11 Sep 2013, BioSpectrum Bureau , BioSpectrum
Singapore: As per British risk consultancy Control Risks, foreign firms operating in China are worried that companies in China lack adequate protection against corruption investigations.
Mr Ben Wootliff, the Hong Kong head of Control Risks, said in a Chinese media report that companies operating in China have always feared being investigated under the US Foreign Corrupt Practices Act (FCPA) or Britain's Bribery Act.
"What's new is companies now see the Chinese authorities are willing to act against multinationals and local companies over corruption in their home territory, as demonstrated with GSK. The new fear is the Chinese authorities have a greater willingness to investigate corruption, which will feed back into the FCPA and possibly the UK Bribery Act, which will expand the corruption investigation across the border beyond China," he said.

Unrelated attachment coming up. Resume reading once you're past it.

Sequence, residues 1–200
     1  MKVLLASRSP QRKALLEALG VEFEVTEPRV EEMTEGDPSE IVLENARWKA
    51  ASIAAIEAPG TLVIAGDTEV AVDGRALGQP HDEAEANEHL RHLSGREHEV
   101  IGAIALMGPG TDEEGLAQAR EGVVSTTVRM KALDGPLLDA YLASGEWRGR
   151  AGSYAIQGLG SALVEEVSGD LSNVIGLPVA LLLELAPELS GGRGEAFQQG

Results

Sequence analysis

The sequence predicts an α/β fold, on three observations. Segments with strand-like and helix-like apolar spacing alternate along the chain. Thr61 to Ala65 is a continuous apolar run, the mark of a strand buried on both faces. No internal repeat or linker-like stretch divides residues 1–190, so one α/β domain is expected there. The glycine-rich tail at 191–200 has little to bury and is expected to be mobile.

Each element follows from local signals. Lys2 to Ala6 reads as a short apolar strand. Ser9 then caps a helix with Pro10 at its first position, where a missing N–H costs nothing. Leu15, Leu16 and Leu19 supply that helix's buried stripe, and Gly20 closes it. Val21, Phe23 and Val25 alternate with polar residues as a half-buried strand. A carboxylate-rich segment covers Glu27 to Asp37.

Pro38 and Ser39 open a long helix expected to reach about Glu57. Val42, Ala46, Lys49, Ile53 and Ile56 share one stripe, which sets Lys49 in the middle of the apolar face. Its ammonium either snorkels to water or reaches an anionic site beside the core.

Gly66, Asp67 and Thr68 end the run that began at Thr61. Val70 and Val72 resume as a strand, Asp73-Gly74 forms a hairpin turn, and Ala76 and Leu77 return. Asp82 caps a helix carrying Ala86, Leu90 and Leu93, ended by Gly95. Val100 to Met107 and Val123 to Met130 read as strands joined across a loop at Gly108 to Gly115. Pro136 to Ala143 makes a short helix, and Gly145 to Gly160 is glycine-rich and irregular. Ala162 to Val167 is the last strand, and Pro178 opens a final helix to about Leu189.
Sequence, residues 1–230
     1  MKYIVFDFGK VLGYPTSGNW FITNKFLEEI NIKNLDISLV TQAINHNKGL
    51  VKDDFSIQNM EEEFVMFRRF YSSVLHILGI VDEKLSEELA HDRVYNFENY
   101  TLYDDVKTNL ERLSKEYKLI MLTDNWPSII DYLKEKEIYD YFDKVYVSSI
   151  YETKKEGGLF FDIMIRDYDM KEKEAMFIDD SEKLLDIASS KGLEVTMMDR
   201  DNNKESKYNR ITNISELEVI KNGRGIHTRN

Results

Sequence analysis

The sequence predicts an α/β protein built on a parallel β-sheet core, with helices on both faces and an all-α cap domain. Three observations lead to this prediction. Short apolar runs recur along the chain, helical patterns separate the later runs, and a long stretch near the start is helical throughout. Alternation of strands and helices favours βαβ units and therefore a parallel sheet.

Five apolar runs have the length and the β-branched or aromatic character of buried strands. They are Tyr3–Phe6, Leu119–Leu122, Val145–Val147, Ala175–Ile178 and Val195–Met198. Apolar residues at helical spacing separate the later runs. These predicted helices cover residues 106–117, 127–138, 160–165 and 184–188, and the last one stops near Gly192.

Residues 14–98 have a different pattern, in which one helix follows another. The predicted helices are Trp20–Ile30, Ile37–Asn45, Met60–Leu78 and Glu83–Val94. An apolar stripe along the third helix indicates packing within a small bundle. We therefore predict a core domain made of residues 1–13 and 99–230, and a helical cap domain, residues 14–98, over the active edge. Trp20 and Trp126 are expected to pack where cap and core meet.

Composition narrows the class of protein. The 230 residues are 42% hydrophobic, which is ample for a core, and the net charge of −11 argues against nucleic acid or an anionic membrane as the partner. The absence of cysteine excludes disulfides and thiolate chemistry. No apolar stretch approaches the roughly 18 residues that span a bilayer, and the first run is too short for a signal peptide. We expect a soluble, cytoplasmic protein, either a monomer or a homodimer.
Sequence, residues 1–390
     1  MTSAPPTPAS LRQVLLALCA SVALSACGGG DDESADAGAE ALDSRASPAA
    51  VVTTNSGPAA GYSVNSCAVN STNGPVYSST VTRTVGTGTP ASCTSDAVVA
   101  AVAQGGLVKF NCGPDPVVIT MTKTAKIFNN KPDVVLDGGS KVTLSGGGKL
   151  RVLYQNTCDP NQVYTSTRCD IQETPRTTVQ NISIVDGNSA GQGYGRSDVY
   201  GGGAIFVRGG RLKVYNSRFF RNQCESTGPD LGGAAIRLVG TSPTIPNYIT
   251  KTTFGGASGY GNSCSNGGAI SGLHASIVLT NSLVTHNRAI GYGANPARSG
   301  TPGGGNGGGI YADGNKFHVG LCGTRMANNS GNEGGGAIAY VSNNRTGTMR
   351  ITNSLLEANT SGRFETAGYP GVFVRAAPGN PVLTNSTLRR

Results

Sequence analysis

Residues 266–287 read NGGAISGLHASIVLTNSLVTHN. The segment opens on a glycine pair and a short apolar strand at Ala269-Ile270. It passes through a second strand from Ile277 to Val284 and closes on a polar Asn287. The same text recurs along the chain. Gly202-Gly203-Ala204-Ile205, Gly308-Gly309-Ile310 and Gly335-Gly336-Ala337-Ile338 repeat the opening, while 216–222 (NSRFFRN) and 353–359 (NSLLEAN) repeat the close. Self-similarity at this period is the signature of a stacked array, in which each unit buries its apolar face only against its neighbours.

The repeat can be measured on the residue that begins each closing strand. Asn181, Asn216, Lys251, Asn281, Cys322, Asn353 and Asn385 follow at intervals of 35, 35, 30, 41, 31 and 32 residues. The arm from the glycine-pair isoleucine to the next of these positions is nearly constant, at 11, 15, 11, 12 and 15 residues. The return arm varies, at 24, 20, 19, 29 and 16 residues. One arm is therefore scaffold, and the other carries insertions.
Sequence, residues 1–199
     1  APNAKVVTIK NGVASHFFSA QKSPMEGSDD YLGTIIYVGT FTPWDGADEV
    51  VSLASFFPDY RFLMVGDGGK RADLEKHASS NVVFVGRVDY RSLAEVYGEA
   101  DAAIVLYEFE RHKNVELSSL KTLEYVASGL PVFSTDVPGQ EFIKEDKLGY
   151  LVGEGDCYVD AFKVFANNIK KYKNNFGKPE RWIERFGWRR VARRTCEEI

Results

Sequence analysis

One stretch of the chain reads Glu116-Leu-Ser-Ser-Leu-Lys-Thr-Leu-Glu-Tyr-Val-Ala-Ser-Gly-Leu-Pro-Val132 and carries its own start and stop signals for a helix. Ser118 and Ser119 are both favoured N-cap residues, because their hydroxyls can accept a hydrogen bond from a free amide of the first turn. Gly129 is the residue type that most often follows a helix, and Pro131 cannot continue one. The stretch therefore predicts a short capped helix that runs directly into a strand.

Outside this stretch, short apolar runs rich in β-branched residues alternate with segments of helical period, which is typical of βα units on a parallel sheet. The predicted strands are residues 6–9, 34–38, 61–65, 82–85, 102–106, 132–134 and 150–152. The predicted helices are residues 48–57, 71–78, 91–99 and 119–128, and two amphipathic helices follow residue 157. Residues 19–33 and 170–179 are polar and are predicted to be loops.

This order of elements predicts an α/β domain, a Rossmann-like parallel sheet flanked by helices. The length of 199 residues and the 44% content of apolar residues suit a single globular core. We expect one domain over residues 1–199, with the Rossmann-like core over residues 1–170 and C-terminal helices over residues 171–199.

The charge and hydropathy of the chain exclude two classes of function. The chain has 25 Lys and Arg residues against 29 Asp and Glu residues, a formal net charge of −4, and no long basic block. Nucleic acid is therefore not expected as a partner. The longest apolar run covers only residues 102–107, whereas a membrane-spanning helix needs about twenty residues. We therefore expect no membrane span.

"We've seen a strong increase in companies asking us for anti-corruption management in China, prompted by the investigations of GSK. We've been extremely busy, talking all day to companies about China corruption," he added.
A survey conducted by the company of senior executives of 316 companies from across the world, including 109 companies in Asia-Pacific, found 35 percent of the companies do not have formal policy statements forbidding bribes. Companies operating in China accounted for the fourth-largest number of respondents in the report.
"It was apparent that international companies have disturbing gaps when it comes to dealing with the dangers of bribery and corruption. Without exception, all companies should have a formal anti-bribery policy statement," the report said.
Of those surveyed, 13 organizations thought there was a 90 to 100 percent chance their company would be required to investigate a suspected violation of anti-bribery laws in the next two years. Further 60 organizations, or 19 percent, thought there was a 60 to 90 percent chance of this happening.
In the survey, 91 percent of respondents said they had no specialized anti-corruption training for employees in high-risk areas. Almost three-quarters had no anti-corruption training programmes at all. Only 40 percent of the firms polled had whistle-blowing hotlines where employees could make confidential reports on concerns relating to corruption.